sorting list of complex numbers

Diez B. Roggisch deets at nospam.web.de
Sun Nov 9 16:19:50 CET 2008


skip at pobox.com schrieb:
> The thread on sorting in Python 3 got me to thinking.  How could I sort a
> list of complex numbers using key?
> 
>     >>> lst = [random.random()+random.random()*1j for i in range(10)]
>     >>> lst
>     [(0.32672251849959244+0.41428983433288791j), (0.35238056484609881+0.92758203977208264j), (0.19337824038125528+0.16527285180541951j), (0.47569307114525849+0.72381960418815128j), (0.21498813135082351+0.2046308266222292j), (0.30142745756937939+0.35216751451102601j), (0.77355676386939132+0.0023447924287695043j), (0.2547736124606309+0.52234837788936905j), (0.38349189081350132+0.62017617694427096j), (0.58362096773561245+0.87702443273108477j)]
> 
> As expected:
> 
>     >>> sorted(lst)
>     Traceback (most recent call last):
>       File "<stdin>", line 1, in <module>
>     TypeError: no ordering relation is defined for complex numbers
> 
> This works:
> 
>     >>> sorted(lst, key=lambda x: x.real)
>     [(0.19337824038125528+0.16527285180541951j), (0.21498813135082351+0.2046308266222292j), (0.2547736124606309+0.52234837788936905j), (0.30142745756937939+0.35216751451102601j), (0.32672251849959244+0.41428983433288791j), (0.35238056484609881+0.92758203977208264j), (0.38349189081350132+0.62017617694427096j), (0.47569307114525849+0.72381960418815128j), (0.58362096773561245+0.87702443273108477j), (0.77355676386939132+0.0023447924287695043j)]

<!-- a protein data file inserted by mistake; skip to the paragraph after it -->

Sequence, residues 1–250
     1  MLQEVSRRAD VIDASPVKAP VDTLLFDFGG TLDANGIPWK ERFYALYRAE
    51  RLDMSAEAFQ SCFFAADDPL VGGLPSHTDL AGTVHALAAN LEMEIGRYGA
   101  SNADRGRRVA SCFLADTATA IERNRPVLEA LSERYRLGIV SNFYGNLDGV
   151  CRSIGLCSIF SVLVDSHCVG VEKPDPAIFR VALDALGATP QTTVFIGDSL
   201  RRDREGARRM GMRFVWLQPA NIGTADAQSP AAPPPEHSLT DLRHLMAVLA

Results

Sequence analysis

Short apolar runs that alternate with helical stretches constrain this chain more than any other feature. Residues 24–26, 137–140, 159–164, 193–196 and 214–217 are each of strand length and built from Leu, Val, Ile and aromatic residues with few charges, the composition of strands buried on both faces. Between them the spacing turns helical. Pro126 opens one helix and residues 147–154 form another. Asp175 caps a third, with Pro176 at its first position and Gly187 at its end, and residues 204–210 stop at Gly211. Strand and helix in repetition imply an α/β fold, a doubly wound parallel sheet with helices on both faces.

> 
> but what if I want to sort by real, then imaginary parts?  Here's a longer
> list with 20 elements where there are only 10 distinct reals but 20 distinct
> imaginaries:
> 
>     >>> pprint.pprint(lst)
>     [(1+2.73j),
>      (9+3.77j),
>      (7+27j),
>      (8+28j),
>      (2+2.8600000000000003j),
>      (4+3.1200000000000001j),
>      (2+22j),
>      (9+29j),
>      (3+2.9900000000000002j),
>      (6+26j),
>      2.6000000000000001j,
>      (8+3.6400000000000001j),
>      (3+23j),
>      (5+3.25j),
>      (1+21j),
>      (5+25j),
>      20j,
>      (6+3.3799999999999999j),
>      (7+3.5100000000000002j),
>      (4+24j)]
> 
> I can sort by the real parts just fine:
> 
>     >>> lst.sort(key=lambda x: x.real)
>     >>> pprint.pprint(lst)
>     [2.6000000000000001j,
>      20j,
>      (1+2.73j),
>      (1+21j),
>      (2+2.8600000000000003j),
>      (2+22j),
>      (3+2.9900000000000002j),
>      (3+23j),
>      (4+3.1200000000000001j),
>      (4+24j),
>      (5+3.25j),
>      (5+25j),
>      (6+26j),
>      (6+3.3799999999999999j),
>      (7+27j),
>      (7+3.5100000000000002j),
>      (8+28j),
>      (8+3.6400000000000001j),
>      (9+3.77j),
>      (9+29j)]
> 
> but how do I then do a secondary sort by the imaginary part, preserving the
> existing ordering on the real parts?  Seems like I have to resort to a
> Schwartzian transform and map the complex numbers to tuples, sort that, then
> map them back.  With the cmp key it would have been a fairly trivial task to
> define the desired compare-real-then-imag function.
> 
> Is there a way to do this using just the key arg, no extra data structures?

Doesn't (untested)

key=lambda x: (x.real, x.imag)

work?

Diez



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